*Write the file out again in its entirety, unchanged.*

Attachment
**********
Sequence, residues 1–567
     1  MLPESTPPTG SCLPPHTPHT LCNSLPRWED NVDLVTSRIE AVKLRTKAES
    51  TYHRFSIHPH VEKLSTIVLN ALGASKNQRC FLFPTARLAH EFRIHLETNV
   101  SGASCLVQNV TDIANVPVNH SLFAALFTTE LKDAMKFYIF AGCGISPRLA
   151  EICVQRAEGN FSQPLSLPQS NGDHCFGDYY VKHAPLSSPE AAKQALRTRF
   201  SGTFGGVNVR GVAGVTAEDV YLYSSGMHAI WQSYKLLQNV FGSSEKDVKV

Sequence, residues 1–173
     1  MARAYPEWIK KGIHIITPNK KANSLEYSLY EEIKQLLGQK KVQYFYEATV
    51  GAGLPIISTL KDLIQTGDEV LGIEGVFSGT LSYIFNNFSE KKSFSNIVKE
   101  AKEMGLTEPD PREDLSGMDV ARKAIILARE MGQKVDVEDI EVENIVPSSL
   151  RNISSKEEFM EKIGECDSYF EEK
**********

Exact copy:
Sequence, residues 1–567
     1  MLPESTPPTG SCLPPHTPHT LCNSLPRWED NVDLVTSRIE AVKLRTKAES
    51  TYHRFSIHPH VEKLSTIVLN ALGASKNQRC FLFPTARLAH EFRIHLETNV
   101  SGASCLVQNV TDIANVPVNH SLFAALFTTE LKDAMKFYIF AGCGISPRLA
   151  EICVQRAEGN FSQPLSLPQS NGDHCFGDYY VKHAPLSSPE AAKQALRTRF
   201  SGTFGGVNVR GVAGVTAEDV YLYSSGMHAI WQSYKLLQNV FGSSEKDVKV

Sequence, residues 1–173
     1  MARAYPEWIK KGIHIITPNK KANSLEYSLY EEIKQLLGQK KVQYFYEATV
    51  GAGLPIISTL KDLIQTGDEV LGIEGVFSGT LSYIFNNFSE KKSFSNIVKE
   101  AKEMGLTEPD PREDLSGMDV ARKAIILARE MGQKVDVEDI EVENIVPSSL
   151  RNISSKEEFM EKIGECDSYF EEK